Ethan: I think I speak on behalf of all us when I say that he [Ned Bennett] has just been phenomenal. He’s so talented and so passionate about the work.
8. Ethan, how did you go about pushing yourself out of your comfort zone in order to get naked on stage?
Ethan: When you do 80+ shows there’s an element that you get more comfortable with. If there is any insecurity, then that’s something to use in the scene. Any vulnerability I feel is something I can use for the character. I wouldn’t say I shy away, but as an actor, it’s gotten easier the more I’ve done it. I was definitely nervous before [the first time in rehearsals] but Ned told me the week before so I was like, “ooh it’s coming!”. The night before I was scared but once it was done it was just done and it was quite liberating. I knew if I could get naked in front of a few hundred people then I thought, what else can’t I do? That’s been quite liberating. So, if I get some audition for a Netflix series that requires partial nudity then that’s no problem.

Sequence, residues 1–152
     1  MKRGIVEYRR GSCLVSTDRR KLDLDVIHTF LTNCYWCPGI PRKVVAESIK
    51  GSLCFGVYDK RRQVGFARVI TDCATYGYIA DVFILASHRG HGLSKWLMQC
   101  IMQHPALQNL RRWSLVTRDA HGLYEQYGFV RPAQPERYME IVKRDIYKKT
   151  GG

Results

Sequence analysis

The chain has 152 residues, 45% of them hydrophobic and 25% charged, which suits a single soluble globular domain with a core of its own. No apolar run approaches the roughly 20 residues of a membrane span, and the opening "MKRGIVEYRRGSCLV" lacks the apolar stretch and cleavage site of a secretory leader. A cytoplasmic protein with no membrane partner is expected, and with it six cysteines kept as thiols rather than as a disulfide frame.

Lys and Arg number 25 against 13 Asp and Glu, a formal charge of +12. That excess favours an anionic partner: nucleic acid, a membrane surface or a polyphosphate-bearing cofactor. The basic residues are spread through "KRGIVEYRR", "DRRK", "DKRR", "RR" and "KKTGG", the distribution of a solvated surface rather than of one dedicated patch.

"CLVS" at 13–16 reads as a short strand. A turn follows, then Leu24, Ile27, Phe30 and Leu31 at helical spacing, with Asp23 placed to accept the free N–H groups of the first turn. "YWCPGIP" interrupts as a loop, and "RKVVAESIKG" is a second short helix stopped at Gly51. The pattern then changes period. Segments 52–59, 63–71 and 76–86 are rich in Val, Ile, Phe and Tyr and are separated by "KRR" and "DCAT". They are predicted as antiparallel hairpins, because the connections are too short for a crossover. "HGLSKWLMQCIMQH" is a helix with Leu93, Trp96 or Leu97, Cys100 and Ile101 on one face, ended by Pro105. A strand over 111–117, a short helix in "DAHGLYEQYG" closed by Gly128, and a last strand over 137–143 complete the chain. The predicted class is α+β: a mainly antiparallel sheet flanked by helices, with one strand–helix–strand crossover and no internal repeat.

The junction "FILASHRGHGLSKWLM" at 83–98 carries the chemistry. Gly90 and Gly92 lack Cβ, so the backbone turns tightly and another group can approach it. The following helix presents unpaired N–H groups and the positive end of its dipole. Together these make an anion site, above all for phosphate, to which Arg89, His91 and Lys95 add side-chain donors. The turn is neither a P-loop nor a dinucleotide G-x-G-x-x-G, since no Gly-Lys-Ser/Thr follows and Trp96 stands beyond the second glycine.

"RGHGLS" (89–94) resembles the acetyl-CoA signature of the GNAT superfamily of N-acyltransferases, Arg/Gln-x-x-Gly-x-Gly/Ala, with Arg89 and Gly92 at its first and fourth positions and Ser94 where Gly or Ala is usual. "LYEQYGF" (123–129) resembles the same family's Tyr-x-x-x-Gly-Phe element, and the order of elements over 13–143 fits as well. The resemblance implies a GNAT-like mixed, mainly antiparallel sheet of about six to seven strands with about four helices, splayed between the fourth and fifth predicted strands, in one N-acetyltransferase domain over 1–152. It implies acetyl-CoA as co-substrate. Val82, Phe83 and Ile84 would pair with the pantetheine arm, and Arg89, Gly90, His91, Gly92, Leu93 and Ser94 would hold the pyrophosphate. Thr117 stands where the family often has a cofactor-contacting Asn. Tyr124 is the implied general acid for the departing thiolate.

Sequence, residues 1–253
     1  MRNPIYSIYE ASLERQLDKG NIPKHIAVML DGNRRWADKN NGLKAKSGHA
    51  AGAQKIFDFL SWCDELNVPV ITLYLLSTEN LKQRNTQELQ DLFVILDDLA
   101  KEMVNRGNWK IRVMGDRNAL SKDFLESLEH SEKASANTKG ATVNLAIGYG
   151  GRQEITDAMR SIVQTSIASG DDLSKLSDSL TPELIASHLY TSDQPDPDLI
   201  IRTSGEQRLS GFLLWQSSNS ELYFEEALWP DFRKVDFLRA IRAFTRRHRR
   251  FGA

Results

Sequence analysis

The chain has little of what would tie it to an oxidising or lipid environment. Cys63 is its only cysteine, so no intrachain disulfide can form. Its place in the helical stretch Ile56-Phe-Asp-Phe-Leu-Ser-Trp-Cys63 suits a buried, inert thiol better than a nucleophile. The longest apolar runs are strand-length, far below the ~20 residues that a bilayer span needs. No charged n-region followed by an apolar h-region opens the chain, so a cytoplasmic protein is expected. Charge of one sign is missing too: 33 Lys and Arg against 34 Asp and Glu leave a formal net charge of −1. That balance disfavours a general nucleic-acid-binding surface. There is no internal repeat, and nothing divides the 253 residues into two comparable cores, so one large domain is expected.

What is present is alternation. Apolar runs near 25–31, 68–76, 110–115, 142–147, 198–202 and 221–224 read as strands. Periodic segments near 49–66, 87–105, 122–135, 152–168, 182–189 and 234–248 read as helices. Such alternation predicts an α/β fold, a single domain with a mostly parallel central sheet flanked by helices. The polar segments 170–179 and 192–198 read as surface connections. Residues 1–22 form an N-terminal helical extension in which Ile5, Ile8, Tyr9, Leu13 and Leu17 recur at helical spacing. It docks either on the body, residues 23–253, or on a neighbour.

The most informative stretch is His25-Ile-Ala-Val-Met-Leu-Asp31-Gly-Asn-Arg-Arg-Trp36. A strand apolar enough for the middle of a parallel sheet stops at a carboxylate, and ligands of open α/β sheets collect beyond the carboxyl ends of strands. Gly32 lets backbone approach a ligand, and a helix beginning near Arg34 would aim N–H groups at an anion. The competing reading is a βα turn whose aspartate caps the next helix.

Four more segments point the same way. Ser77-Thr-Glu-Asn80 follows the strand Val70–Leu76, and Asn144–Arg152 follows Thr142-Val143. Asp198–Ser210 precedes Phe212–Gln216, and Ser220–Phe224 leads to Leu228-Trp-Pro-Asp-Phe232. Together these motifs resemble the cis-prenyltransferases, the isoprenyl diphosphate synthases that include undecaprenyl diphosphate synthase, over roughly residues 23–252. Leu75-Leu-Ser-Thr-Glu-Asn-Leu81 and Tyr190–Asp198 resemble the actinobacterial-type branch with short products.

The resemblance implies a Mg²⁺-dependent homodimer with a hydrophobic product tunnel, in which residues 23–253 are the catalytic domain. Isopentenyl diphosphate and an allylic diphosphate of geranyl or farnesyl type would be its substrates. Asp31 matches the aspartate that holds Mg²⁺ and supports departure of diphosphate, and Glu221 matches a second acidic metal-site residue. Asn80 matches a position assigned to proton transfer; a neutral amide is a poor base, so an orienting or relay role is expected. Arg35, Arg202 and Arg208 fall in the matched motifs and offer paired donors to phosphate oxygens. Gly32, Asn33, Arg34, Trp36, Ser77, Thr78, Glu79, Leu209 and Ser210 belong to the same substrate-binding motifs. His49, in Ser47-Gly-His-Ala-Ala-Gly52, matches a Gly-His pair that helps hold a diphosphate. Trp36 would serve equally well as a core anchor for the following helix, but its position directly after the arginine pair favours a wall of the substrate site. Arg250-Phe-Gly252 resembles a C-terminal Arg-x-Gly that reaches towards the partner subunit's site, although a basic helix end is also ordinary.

9. And Ethan, This is your first major stage role, was there an extra element of nervousness because of that?
Ethan: The theatre job I did before this was at a beautiful, intimate space with just a 50-person capacity so it's been quite different compared to that. One thing that taught me was how to find ease and relaxation even in these moments of people being close and around you. It’s very tight and there’s nowhere to hide in the space so that helped me quite a lot. That prepared me quite a lot for the physicality of this [Equus]. I went to drama school and trained, and had experience in theatre, so I’ve done enough so that I can go on stage and not be too wobbly. We all get nervous; we’re all human, but it’s not too bad these days. It gets easier the more jobs you do.
10. If they were to do Equus for the screen, do you find you’d be just as nervous for the nudity scene on a closed set?
Ethan: That’d be totally different! It’d offer different challenges with a closed set, but the thing with film is it’s there forever!
Robert: You’ve got nothing to be ashamed of!
11. In just three words, why do you think people should come and see Equus at Trafalgar Studios?
Ethan: Ned Bennett’s production… no. Ned Bennett’s direction!
Robert: Exhilarating. Exciting. And… Thrilling.
Ethan: …Intense! We’ve heard from people who sit close [to the stage] that it can be quite intense!
Peter Shaffer’s Equus is now playing at London’s Trafalgar Studios for a limited engagement, which must come to an end on 7 September 2019, so be sure to book now and avoid missing out. This production has received five stars all-round and is looking to be the show to see this summer already!